Mayor Rahm Emanuel sent a message to Cubs Chairman Tom Ricketts on Wednesday: You dropped the ball in clearly communicating the latest version of a Wrigley Field renovation, and my administration won’t be rushed into approving more electronic advertising signs and another video board for the historic stadium.
But Ricketts’ renewed push for more revenue-enhancing advertisements for the ballpark also puts the mayor in bit of a squeeze play.
Emanuel wants to be able to declare a political victory by cutting the ribbon after the Cubs spend hundreds of millions of dollars to renovate the park with no major public subsidies. But if the mayor gives the Cubs all the additional signs and Wrigley alterations they’ve asked for after already giving the team almost all of the stadium improvements it sought last year, he risks the appearance that the Cubs and Ricketts managed to push him around.
On Wednesday, Emanuel sought to slow the sense of urgency the Cubs tried to create with the team’s latest unveiling of plans this week. While Cubs officials had indicated the latest plan would be considered at a June 5 hearing of the city Commission on Landmarks, Emanuel said that won’t happen.
“This recent submission is not ready for next week,” Emanuel said of the Cubs’ proposal. “They have work to do.”
An Emanuel administration source said the Cubs failed to share some details about the latest expansion plan with the mayor and senior City Hall officials, including relocating the ballpark’s bullpens to underneath the bleachers. That could lead to changes in the ivied walls protected by the city’s landmark ordinance.
But the mayor also is frustrated that the Cubs are returning to City Hall seeking more signs after a deal already had been carefully crafted last year, the source said.
“There are things like the bullpen that nobody had ever seen before,” Emanuel said after the City Council meeting. “And so that’s why it’s not ready for next week and they have their work to do.”
A Ricketts spokesman gave a diplomatic response, saying the team was willing to discuss its bullpen plans. Nevertheless, the team continued to portray plan approval as all but inevitable.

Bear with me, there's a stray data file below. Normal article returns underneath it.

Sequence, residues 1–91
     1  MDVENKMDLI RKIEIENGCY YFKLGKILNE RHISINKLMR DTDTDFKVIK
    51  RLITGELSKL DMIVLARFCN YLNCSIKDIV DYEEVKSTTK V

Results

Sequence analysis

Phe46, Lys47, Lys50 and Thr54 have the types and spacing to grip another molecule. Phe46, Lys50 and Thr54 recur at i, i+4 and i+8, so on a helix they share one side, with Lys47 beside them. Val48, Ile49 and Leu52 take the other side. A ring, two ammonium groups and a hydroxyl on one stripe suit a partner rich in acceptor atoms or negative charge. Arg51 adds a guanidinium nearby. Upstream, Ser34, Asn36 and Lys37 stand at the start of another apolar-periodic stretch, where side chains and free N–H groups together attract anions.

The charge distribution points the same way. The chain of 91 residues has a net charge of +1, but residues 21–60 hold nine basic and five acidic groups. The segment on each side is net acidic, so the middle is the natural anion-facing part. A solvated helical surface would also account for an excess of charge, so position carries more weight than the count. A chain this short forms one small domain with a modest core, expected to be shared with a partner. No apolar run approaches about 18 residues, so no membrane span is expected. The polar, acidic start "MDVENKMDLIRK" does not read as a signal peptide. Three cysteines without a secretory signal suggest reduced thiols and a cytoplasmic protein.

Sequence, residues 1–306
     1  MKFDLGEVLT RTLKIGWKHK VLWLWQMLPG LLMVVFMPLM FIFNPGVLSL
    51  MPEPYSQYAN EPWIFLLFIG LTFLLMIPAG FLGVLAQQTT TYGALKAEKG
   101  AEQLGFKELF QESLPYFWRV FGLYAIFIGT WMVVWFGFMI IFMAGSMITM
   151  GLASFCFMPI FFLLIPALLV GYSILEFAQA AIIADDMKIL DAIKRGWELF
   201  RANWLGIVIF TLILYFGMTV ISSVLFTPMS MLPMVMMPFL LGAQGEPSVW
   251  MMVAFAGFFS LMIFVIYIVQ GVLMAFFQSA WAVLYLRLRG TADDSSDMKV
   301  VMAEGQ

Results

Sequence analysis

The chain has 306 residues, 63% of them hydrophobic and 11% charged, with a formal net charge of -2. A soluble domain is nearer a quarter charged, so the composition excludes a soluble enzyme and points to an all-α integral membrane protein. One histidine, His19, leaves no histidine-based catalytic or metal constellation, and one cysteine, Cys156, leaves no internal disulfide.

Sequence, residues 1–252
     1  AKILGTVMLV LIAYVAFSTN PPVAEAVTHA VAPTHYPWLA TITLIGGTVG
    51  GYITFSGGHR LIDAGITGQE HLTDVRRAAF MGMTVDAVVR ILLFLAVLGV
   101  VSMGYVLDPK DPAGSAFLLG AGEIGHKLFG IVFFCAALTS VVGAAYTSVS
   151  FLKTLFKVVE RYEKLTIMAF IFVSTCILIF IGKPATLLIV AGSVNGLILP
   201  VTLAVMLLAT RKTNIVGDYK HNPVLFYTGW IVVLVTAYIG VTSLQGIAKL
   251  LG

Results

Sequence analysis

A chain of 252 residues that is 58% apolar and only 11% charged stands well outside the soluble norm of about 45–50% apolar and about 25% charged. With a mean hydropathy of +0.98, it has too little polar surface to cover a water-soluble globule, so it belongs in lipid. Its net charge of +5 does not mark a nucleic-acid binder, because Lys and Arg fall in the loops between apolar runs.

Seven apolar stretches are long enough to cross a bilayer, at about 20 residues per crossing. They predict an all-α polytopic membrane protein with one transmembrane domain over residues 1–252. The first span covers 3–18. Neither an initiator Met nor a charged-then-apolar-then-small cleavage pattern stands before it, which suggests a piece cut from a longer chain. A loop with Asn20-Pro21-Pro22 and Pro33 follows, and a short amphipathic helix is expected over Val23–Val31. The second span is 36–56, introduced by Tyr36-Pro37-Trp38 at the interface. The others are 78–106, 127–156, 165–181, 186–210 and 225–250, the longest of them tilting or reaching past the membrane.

“We are happy to address any questions about the bullpen doors or the bullpen relocation,” Cubs spokesman Julian Green said in an email. “The Cubs look forward to resolving these last few issues so we can begin construction as soon as possible.”
The communications problem with City Hall represents the latest public relations gaffe by Ricketts since he began his attempt to revamp Wrigley Field nearly four years ago.
In November 2010, Ricketts pitched a plan to borrow up to $300 million to finance a Wrigley renovation and then use a portion of city amusement taxes collected at Wrigley Field to pay off the debt. Ricketts later floated a couple variations on that idea, but city and state leaders weren’t on board, and it went nowhere.
In May 2012, Emanuel was mulling the idea of providing the amusement tax or other city revenue to help renovate the stadium. But then came the news that Joe Ricketts, the conservative billionaire family patriarch, had been presented with a plan to run racially tinged attack ads against President Barack Obama.
The ad plan ended up not going forward, but Emanuel expressed outrage and said he did not talk to Tom Ricketts for months after that. The public funding plan went kaput.
Last week, Ricketts unveiled his revised plan that seeks more signs, suggesting that if rooftop owners with lucrative views into the ballpark were going to sue anyway, he might as well get more of what he wants in a renovation deal. The rooftop owners have a 20-year revenue-sharing contract with the Cubs that runs through 2023.
The team wants five more signs in the outfield, beyond the two approved last year, a second video board and an expansion of the bleachers. Those aspects had been discussed with city officials in previous months.
Ricketts wanted to start work next month, but there is not another Landmarks Commission meeting until July. Commissioners could call a special meeting before then, however.
The mayor also is unlikely to grant the Cubs all aspects of their latest renovation plan, the Emanuel source said, but declined to offer specifics, citing City Hall’s ongoing review of the proposal.
“I do think there’s a place . . . to land this where the owners are allowed to modernize Wrigley Field, invest in the surrounding neighborhood — the things like parks, playgrounds, traffic, security — that have been shortchanged in the past, and do it in a way that meets everybody’s objectives,” Emanuel said.
The team already has committed to making millions of dollars in investments in the Wrigleyville neighborhood, as part of the compromise approved last year that included a less-intense renovation plan, permission for more night games and the construction of a nearby hotel, plaza and retail-office building.
That deal came after months of negotiations involving city officials, 44th Ward Ald. Tom Tunney and owners of the rooftop clubs with lucrative views into the century-old ballpark.